Emergency Medicine Arjun Mehta, Catherine Culley
INDEX
×
Chapter Notes

Save Clear


Introduction1

  • Need for consideration of deep vein thrombosis (DVT) prophylaxis in every admitted patient in the hospital.
  • Hand washing and hand hygiene is crucial in every patient.
  • Consider the need for coagulation screen and blood grouping before undertaking any invasive procedure.
 
FACTORS FOR PREVENTION OF CARDIAC ARREST
Consider and avoid hypoxia, hypovolemia, hyperkalemia, hypokalemia, hypocalcemia. For regular monitoring with pulse oximetry, blood pressure (BP) monitoring and electrocardiography (ECG).
Respiratory rate (RR) >35/min or <6/min, BP <90 mm Hg are at risk of cardiac arrest.
 
UNEXPLAINED HYPOTENSION
Machine derived BP is not accurate at extremes of BP or in fast tachycardia or in atrial fibrillation (AF).
Consider
  • Sepsis (Septic shock)
  • Myocardial infarction (MI) without any pain (early ECG changes though)
  • Occult blood loss
  • Poisoning
  • Pulmonary embolus (PE)
  • Anaphylaxis
  • Addison's disease
  • Cardiac tamponade
  • Autonomic dysfunctions.
2Septic Shock
Septic shock is, as a result of severe infection and sepsis and can cause multiple organ dysfunction and death. It is common in children, immune compromised individuals and elderly.
 
DIAGNOSIS
  • Systemic inflammatory response syndrome (SIRS) is present.
  • Any two of the following (tachypnea RR >20/min, white blood cells <4000 or >12000 cells/mm3, heart rate >90 beats/min, temperature >38.5°C (101.3°F) or <35°C (95°F).
  • There must be sepsis with evidence of infection like positive blood culture or sign of pneumonia on chest X-ray or other radiological or laboratory evidence of infection.
  • Signs of organ dysfunction such as renal failure, liver dysfunction or change in mental status or elevated serum lactate.
  • Finally refractory hypotension.
 
TREATMENT
  • Begin resuscitation immediately if hypotension, or hypotension and serum lactate 4 or more. Goals—urine output >0.5 mL/kg/hr, mean arterial pressure >65 mm Hg.
  • Intravenous (IV) fluids—Crystalloids (normal saline or Hartmann's solution) 1 L or colloids (gelofusine) 300–500 mL over 30 minutes as fluid challenge, consider pack cells if hematocrit <30%.
  • Early antibiotics—Appropriate cultures before broad-spectrum antibiotics, at least 2 blood cultures (one percutaneous and other from vascular access) and imaging studies promptly to confirm or sample the source of infection and source control (abscess drainage or tissue debridement).
  • Use hospital guideline in Pseudomonas infections or neutropenic patient.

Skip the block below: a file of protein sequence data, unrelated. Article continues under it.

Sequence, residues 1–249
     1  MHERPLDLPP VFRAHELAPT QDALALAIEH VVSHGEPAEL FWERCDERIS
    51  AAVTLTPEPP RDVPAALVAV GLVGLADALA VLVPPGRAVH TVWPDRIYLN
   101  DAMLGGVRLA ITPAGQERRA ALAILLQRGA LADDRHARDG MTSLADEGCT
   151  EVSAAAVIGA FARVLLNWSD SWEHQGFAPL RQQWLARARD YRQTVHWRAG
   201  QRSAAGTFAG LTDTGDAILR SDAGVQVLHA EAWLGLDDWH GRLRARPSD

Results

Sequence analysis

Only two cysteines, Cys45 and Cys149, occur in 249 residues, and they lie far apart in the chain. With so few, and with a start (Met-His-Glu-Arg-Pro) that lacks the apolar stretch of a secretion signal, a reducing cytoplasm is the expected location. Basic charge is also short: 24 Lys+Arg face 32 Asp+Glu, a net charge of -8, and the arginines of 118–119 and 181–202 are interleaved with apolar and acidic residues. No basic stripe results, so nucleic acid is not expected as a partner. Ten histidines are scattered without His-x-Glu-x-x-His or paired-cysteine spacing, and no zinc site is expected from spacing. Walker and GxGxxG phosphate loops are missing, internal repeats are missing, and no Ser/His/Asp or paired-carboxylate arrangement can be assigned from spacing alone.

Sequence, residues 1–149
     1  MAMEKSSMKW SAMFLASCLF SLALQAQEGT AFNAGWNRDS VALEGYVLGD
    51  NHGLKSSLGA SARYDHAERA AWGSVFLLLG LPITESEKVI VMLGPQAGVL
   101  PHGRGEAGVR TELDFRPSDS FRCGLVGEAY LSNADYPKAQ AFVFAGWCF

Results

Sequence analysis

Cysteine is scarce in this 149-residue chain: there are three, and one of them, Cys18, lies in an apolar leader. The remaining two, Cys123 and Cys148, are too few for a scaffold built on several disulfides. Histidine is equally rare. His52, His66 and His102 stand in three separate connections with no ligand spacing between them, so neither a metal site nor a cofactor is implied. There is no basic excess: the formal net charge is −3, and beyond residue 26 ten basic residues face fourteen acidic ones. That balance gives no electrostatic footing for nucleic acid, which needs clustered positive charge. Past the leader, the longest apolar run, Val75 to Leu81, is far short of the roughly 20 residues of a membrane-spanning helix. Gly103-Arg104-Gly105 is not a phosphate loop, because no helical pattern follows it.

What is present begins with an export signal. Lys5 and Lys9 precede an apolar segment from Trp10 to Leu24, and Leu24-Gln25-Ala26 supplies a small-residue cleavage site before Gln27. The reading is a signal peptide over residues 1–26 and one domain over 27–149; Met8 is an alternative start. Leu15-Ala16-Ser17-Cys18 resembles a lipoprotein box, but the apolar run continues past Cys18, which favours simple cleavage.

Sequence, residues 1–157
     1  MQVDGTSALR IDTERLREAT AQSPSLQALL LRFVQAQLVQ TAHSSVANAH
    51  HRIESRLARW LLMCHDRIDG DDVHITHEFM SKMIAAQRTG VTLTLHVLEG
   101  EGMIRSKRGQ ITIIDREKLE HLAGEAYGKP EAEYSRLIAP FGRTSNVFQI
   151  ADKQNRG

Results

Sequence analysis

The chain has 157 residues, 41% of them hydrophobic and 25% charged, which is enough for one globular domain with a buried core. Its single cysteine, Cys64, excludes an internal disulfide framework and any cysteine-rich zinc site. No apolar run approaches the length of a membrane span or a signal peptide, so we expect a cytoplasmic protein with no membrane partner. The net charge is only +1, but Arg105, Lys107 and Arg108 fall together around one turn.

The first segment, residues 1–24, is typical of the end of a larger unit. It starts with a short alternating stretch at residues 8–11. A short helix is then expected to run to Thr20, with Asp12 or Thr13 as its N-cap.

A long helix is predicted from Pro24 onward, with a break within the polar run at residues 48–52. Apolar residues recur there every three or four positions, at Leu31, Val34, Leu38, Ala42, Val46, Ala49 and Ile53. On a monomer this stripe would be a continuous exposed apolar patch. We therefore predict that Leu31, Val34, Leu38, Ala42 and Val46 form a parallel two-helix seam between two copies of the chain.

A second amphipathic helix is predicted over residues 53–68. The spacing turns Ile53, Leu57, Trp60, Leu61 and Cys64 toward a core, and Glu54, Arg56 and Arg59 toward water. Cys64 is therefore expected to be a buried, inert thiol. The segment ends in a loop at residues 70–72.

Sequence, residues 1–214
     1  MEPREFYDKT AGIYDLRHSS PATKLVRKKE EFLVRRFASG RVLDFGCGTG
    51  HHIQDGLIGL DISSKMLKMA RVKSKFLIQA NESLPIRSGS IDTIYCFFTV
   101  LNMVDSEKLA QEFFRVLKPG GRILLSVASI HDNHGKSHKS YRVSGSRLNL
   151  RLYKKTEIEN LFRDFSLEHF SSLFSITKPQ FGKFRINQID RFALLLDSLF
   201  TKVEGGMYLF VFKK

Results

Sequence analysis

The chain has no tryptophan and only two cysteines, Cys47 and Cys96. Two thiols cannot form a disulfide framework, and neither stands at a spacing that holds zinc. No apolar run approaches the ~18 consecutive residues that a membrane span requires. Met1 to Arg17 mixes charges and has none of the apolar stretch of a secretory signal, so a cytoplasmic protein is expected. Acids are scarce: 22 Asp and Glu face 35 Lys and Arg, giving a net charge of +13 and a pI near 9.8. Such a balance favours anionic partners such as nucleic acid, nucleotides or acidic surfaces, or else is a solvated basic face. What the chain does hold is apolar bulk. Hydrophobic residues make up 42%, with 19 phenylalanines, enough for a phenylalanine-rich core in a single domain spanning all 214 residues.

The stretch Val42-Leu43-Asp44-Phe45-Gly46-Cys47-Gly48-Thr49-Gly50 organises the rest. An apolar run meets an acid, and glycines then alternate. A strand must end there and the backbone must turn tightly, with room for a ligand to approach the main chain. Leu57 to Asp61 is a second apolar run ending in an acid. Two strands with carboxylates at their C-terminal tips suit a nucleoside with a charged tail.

• Vasopressors—Norepinephrine or dopamines are initial vasopressors administered centrally. Use dobutamine infusion maximum 25 µg/kg/min in patients with MI.
  • 3Hydrocortisone 300 mg/day IV if hypotension responds poorly to fluids challenges.
  • Blood transfusion if hemoglobin <7.0 g/dL, platelet transfusion if platelets <5000 (asymptomatic), <5000–30,000 (significant bleeding risk), <50,000 (invasive procedure or surgery).
  • Use IV insulin to control hyperglycemia, keeping BM 8.3 mmol/L (150 mg/dL).
  • Use bicarbonate if pH <7.15.
  • Use H2RA (H2 receptor antagonist), TEDS (stockings) or LMWH (low molecular weight heparin) or both (TEDS + LMWH) in view of high risk of DVT.
Acute Anaphylaxis
Acute allergic response to a substance to which the individual has been exposed previously results in mast cell degranulation and histamine release. Anaphylactic shock is twice as common in women and 1/3 suffer from atopy.
 
CAUSES
Nuts, fish, nonsteroidal anti-inflammatory drugs (NSAIDs), antibiotics, anesthetics and stings.
Present as bronchospasm and/or cardiovascular collapse.
 
TREATMENT
  • Airway, breathing and circulation (ABC)
  • Maintain airway and O2 by high flow O2 mask and reservoir bag, intubate if stridor.
  • Give adrenaline 500 µg (0.5 mL 1.1000) intramuscular (IM) and repeat in 5–10 min if no better.
  • Secure IV access and give IV fluids (Hartmann's solution or normal saline or gelofusine).
  • Monitor O2 saturation and BP.
  • Hydrocortisone 200 mg IV.
  • Antihistamine chlorpheniramine 10–20 mg IV slowly
  • Salbutamol 5 mg, nebulizer if wheeze present.
Disseminated Intravascular Coagulation
It is a systemic disorder in which hemorrhage (main problem 90%) and thrombosis can occur at the same time. 4It involves generation of intravascular fibrin and consumption of clotting factors and platelets. It can be acute or chronic. History—Bleeding—Extensive superficial bruising and oozing from venipuncture, IM injection sites, around indwelling catheters and tubes. Bleeding from mucosa, mouth, nose, gastrointestinal (GI), lungs, renal tract.
 
CAUSES
  • Sepsis—bacterial, viral, fungal, parasitic, malaria.
  • Major trauma, burns, surgery.
  • Toxins—venom.
  • Obstetric—placental abruption, eclampsia, and amniotic fluid embolism.
  • Cancer—metastatic carcinoma of stomach, colon, pancreas, breast, lung, mucin secreting adenocarcinoma, leukemia.
  • Severe pancreatitis.
  • Liver disease—acute liver failure.
  • Others—heat stroke, prosthetic devices, purpura fulminants, recreational drugs, severe transfusion reaction, transplant rejection, giant hemangioma and large vessel aneurysm (aortic).
 
INVESTIGATION
  • Low platelet count
  • PT (prothrombin time) and activated PTT (partial thromboplastic time) both increased
  • FDP (fibrinogen degradation product) and/or D-dimer present or increased
  • AT3 (antithrombin 3) level reduced
  • Fibrinogen reduced
  • Thrombin time prolonged
  • Blood film—red cell fragmentation/microangiopathic hemolytic anemia.